Uveitis is inflammation inside the eye, specifically affecting one or more of the three parts of the eye that make up the uvea: the iris , the ciliary body , and the choroid. The eye is shaped like a tennis ball with three different layers surrounding a gel-filled caviety. The impetus for this project came from owners across the country seeking information on this disease and pooling their knowledge to help each other. The choroid is a pigmented layer to prevent the light from entering the eye other than through the pupil. It also contains blood vessels which nourish the retina by diffusion. Anterior uveitis refers to inflammation of the iris alone or the iris and ciliary body; anterior uveitis is the most common form. In surveys of the causes of blindness uveitis has usually not been included and is probably underestimated. Inflammation of the uvea may involve other parts of the eye, or any part of the eye, including the cornea , the sclera , the vitreous body, the retina and the optic nerve. Intermediate uveitis - this affects the area behind the ciliary body, as well as the retina and the most forward edge of the retina . Symptoms include decreased vision, pain, redness, photophobia, and floaters.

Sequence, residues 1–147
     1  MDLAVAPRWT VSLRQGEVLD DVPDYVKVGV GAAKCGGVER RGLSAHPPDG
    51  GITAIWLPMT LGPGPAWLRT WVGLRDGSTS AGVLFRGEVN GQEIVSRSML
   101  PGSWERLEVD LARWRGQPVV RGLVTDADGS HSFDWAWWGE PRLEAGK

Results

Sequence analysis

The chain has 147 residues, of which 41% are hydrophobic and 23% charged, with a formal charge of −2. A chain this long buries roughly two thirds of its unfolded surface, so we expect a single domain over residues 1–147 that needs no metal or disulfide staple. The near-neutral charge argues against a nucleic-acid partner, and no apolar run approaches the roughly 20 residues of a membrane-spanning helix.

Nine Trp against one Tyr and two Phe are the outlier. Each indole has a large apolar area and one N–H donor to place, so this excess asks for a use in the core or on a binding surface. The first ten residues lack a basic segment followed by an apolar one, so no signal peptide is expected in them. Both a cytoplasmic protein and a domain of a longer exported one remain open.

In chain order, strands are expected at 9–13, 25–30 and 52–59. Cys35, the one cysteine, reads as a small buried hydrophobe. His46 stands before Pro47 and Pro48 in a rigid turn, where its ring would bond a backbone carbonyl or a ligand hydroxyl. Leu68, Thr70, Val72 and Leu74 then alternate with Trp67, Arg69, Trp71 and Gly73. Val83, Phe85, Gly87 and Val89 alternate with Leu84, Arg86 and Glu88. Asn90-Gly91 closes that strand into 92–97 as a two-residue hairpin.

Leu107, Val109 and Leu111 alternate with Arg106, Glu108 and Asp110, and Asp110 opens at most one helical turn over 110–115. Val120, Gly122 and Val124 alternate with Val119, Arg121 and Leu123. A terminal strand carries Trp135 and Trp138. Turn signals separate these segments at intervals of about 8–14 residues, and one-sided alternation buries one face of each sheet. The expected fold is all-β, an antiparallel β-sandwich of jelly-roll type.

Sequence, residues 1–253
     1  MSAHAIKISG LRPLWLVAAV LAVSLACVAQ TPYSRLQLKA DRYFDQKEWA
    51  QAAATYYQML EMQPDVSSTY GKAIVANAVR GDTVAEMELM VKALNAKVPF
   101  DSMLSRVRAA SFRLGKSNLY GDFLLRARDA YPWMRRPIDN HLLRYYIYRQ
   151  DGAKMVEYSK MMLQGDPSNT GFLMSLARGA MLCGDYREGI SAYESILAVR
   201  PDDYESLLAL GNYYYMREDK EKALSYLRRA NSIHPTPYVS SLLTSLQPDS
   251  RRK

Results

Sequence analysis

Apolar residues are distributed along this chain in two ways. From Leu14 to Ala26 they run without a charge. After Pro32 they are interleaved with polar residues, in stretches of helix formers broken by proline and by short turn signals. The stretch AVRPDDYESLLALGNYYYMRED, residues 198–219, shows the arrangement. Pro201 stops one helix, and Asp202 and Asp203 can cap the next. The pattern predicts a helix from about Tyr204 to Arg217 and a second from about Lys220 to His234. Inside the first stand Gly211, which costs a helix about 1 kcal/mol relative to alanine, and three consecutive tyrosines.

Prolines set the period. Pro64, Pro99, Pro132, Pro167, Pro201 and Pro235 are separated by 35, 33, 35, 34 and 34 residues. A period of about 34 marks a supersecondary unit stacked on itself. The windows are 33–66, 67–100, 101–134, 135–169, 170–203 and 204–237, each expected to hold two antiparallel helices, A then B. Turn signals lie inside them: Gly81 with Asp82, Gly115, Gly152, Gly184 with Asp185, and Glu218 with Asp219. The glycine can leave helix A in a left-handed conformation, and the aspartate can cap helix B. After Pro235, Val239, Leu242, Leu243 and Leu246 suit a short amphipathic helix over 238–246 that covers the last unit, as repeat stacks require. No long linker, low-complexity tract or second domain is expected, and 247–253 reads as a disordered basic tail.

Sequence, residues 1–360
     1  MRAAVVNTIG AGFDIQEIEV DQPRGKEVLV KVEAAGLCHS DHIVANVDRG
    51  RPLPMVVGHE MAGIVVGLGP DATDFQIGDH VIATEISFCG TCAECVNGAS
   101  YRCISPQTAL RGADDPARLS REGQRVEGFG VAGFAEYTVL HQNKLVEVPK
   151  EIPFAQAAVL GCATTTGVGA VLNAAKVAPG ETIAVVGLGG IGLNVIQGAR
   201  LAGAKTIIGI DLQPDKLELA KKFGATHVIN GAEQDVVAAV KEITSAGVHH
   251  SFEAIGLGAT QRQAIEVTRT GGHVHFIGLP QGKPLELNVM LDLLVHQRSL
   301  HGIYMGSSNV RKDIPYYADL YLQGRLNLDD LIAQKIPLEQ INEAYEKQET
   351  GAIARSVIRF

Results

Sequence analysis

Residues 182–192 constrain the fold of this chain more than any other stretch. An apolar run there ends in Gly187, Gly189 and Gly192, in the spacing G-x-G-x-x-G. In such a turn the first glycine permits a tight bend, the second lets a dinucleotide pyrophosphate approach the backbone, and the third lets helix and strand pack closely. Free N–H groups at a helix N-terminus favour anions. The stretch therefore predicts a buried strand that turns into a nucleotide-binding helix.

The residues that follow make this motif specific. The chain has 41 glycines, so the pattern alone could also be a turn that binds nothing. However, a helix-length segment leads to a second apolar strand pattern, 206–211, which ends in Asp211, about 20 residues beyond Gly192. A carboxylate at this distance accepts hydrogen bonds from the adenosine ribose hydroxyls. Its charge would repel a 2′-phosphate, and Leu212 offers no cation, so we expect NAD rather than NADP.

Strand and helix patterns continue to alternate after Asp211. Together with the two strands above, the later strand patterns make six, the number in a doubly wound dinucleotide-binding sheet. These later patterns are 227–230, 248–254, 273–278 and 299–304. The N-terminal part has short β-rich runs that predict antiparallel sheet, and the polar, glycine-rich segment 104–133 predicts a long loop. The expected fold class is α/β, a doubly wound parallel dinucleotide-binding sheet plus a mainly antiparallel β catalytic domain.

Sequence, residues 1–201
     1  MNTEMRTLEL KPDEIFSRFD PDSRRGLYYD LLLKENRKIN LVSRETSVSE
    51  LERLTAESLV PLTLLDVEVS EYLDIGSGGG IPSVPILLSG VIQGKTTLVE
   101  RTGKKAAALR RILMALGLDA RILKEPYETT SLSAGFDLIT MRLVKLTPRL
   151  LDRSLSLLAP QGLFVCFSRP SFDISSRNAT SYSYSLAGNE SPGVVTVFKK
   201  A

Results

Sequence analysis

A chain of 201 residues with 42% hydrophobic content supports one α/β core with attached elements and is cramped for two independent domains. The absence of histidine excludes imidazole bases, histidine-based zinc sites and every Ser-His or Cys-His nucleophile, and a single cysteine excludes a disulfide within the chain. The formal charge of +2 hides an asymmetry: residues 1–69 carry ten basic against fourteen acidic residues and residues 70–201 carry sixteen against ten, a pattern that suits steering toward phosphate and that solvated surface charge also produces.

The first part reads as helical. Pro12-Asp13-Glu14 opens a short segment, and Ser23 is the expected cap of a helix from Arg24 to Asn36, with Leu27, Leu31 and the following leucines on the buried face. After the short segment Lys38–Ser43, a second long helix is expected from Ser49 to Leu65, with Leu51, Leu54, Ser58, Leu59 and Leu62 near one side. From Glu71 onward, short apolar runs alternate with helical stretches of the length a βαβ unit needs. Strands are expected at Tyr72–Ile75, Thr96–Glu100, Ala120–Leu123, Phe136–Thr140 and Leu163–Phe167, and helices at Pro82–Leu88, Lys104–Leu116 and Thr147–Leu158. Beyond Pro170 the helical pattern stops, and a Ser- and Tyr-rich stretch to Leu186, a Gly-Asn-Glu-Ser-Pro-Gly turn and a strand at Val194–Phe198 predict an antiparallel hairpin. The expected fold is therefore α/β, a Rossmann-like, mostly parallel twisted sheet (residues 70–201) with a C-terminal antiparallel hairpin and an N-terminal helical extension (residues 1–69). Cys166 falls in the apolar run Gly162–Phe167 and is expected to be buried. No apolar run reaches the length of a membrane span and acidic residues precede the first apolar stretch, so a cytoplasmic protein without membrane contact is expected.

Uveitis also is found in association with autoimmune disorders, such as systemic lupus erythematosus and rheumatoid arthritis.Symptoms include decreased vision, pain, redness, photophobia, and floaters. The uvea extends toward the front of the eye and consists of the iris, choroid layer and ciliary body. Uveitis requires an urgent referral and thorough examination by an optometrist or an ophthalmologist, along with urgent treatment to control the inflammation.The material included here will serve to provide information about the wide range of causes, methods of treatment and means of handling equine recurrent uveitis. The ciliary body is a structure containing muscle and is located behind the iris which focuses the lens. Uveitis is the inflammation of the uvea, a part of the eye. The iris is the colored structure surrounding the pupil, visible in the front of the eye.
Causes of Uveitis
Common causes and risk factor's of Uveitis include the following :
- Virus like shingles, mumps or herpes simplex.
- A fungus called histoplasmosis.
- Infections such as syphilis, toxoplasmosis or tuberculosis.
- Eye injury.
- Parasites like toxoplasmosis.
Symptoms of Uveitis
Some of the common sign and symptoms of the disease Uveitis are as follows:
- Redness of the eye.
- Blurred vision.
- Sensitivity to light .
- Dark, floating spots in the vision.
- Eye pain.
Treatment of Uveitis
Find effective treatment methods of treating Uveitis :
- Treatment may include steroid eyedrops, injections, or pills, as well as eyedrops to dilate the pupil and reduce pain.
- Main goals in the ED are to diagnose uveitis correctly and to refer the patient to an ophthalmologist.
- Although the patient's eye is erythematous and cells are present in the anterior chamber, antibiotics are not indicated.
- Antimicrobial drugs are used to treat infectious uveitis.
- Complications such as glaucoma, cataracts, or new blood vessel formation , also may need treatment in the course of the disease.